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Solutions for Chapter 18: Confidence Intervals for Proportions

Stats Modeling the World | 4th Edition | ISBN: 9780321854018 | Authors: David E. Bock, Paul F. Velleman, Richard D. De Veaux

Full solutions for Stats Modeling the World | 4th Edition

ISBN: 9780321854018

Stats Modeling the World | 4th Edition | ISBN: 9780321854018 | Authors: David E. Bock, Paul F. Velleman, Richard D. De Veaux

Solutions for Chapter 18: Confidence Intervals for Proportions

Solutions for Chapter 18
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Textbook: Stats Modeling the World
Edition: 4
Author: David E. Bock, Paul F. Velleman, Richard D. De Veaux
ISBN: 9780321854018

Chapter 18: Confidence Intervals for Proportions includes 36 full step-by-step solutions. Since 36 problems in chapter 18: Confidence Intervals for Proportions have been answered, more than 19748 students have viewed full step-by-step solutions from this chapter. This textbook survival guide was created for the textbook: Stats Modeling the World, edition: 4. Stats Modeling the World was written by and is associated to the ISBN: 9780321854018. This expansive textbook survival guide covers the following chapters and their solutions.

Key Statistics Terms and definitions covered in this textbook
  • 2 k p - factorial experiment

    A fractional factorial experiment with k factors tested in a 2 ? p fraction with all factors tested at only two levels (settings) each

  • a-error (or a-risk)

    In hypothesis testing, an error incurred by failing to reject a null hypothesis when it is actually false (also called a type II error).

  • Adjusted R 2

    A variation of the R 2 statistic that compensates for the number of parameters in a regression model. Essentially, the adjustment is a penalty for increasing the number of parameters in the model. Alias. In a fractional factorial experiment when certain factor effects cannot be estimated uniquely, they are said to be aliased.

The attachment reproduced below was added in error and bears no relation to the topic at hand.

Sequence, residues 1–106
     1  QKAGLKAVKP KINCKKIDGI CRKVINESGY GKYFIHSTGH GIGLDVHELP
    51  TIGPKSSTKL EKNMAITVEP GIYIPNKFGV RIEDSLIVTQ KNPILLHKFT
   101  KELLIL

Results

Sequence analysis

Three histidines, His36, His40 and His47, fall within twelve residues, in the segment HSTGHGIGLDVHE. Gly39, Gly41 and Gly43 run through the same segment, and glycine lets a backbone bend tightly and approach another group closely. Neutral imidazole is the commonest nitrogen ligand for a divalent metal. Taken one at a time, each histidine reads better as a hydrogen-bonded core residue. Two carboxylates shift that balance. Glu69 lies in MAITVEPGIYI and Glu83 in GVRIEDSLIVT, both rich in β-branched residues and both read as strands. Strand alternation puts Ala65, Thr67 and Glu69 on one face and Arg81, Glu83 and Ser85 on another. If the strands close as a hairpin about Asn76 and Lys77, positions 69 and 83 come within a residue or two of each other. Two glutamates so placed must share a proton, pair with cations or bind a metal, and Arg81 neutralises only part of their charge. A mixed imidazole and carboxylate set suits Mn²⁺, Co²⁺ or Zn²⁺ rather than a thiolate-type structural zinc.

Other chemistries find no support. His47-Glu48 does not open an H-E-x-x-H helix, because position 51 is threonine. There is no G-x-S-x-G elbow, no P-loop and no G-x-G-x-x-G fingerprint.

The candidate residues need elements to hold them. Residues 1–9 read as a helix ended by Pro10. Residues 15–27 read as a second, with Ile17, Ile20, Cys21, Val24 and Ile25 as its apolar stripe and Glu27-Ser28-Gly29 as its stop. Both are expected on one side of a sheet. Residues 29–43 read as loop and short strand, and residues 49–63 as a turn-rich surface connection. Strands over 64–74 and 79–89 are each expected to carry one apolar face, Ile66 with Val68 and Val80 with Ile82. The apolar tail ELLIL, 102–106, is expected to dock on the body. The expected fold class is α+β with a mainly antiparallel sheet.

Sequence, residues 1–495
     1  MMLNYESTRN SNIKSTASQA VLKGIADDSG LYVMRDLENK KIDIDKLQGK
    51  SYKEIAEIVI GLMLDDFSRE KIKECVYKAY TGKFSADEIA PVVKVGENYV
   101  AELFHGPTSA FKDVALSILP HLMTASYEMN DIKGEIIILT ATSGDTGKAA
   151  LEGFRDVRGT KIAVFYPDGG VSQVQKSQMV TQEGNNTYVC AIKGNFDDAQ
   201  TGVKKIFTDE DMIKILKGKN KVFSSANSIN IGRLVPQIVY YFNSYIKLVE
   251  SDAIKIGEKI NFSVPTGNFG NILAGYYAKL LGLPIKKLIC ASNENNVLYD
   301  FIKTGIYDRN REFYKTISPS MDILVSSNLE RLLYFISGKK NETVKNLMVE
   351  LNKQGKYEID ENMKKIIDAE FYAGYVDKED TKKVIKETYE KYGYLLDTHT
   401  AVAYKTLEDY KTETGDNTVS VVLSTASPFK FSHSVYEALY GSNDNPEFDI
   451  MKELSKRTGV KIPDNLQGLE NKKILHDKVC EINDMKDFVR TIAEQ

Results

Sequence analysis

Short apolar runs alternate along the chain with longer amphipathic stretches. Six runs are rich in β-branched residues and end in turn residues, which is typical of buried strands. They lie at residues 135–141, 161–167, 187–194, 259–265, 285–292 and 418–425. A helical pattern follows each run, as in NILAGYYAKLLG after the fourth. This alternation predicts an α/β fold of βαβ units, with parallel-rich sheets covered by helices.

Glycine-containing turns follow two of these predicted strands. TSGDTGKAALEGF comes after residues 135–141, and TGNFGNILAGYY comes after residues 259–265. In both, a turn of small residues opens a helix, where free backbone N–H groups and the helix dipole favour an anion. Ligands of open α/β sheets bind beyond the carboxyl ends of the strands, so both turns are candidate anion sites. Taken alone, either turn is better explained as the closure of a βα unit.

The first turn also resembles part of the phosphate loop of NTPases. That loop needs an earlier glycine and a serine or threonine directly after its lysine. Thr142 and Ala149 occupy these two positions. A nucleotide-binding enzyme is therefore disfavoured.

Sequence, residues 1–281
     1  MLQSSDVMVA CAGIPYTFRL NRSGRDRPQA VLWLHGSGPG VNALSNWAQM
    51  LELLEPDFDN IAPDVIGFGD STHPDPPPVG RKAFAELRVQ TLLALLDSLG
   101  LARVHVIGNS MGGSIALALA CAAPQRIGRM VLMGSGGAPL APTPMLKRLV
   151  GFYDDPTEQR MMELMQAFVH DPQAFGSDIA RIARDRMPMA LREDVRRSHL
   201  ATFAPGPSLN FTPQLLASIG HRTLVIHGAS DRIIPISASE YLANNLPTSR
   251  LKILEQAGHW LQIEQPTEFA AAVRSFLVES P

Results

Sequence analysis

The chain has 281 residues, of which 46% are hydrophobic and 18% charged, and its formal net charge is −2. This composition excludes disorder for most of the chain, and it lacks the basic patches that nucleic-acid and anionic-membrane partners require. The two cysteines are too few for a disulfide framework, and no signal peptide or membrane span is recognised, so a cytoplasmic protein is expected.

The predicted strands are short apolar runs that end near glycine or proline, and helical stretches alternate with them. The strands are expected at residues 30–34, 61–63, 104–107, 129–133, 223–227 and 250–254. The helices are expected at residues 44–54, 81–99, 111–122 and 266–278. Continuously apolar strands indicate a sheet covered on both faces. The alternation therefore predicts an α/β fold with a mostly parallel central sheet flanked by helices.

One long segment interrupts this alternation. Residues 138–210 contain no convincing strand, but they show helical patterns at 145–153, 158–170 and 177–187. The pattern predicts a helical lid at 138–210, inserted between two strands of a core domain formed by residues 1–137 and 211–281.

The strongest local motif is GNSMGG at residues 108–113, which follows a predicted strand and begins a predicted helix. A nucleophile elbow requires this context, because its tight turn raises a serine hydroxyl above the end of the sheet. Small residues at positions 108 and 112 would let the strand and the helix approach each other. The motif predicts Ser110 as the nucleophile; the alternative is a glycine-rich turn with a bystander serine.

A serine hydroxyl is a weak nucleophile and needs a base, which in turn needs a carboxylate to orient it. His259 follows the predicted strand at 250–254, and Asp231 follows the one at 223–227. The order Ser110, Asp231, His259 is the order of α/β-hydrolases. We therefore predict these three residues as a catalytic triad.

• Bivariate distribution

    The joint probability distribution of two random variables.

  • Categorical data

    Data consisting of counts or observations that can be classiied into categories. The categories may be descriptive.

  • Center line

    A horizontal line on a control chart at the value that estimates the mean of the statistic plotted on the chart. See Control chart.

  • Comparative experiment

    An experiment in which the treatments (experimental conditions) that are to be studied are included in the experiment. The data from the experiment are used to evaluate the treatments.

  • Continuous distribution

    A probability distribution for a continuous random variable.

  • Counting techniques

    Formulas used to determine the number of elements in sample spaces and events.

  • Critical value(s)

    The value of a statistic corresponding to a stated signiicance level as determined from the sampling distribution. For example, if PZ z PZ ( )( .) . ? =? = 0 025 . 1 96 0 025, then z0 025 . = 1 9. 6 is the critical value of z at the 0.025 level of signiicance. Crossed factors. Another name for factors that are arranged in a factorial experiment.

  • Cumulative sum control chart (CUSUM)

    A control chart in which the point plotted at time t is the sum of the measured deviations from target for all statistics up to time t

  • Deming’s 14 points.

    A management philosophy promoted by W. Edwards Deming that emphasizes the importance of change and quality

  • Discrete random variable

    A random variable with a inite (or countably ininite) range.

  • Distribution function

    Another name for a cumulative distribution function.

  • Error mean square

    The error sum of squares divided by its number of degrees of freedom.

  • Error of estimation

    The difference between an estimated value and the true value.

  • Error propagation

    An analysis of how the variance of the random variable that represents that output of a system depends on the variances of the inputs. A formula exists when the output is a linear function of the inputs and the formula is simpliied if the inputs are assumed to be independent.

  • Exhaustive

    A property of a collection of events that indicates that their union equals the sample space.

  • Extra sum of squares method

    A method used in regression analysis to conduct a hypothesis test for the additional contribution of one or more variables to a model.

  • False alarm

    A signal from a control chart when no assignable causes are present

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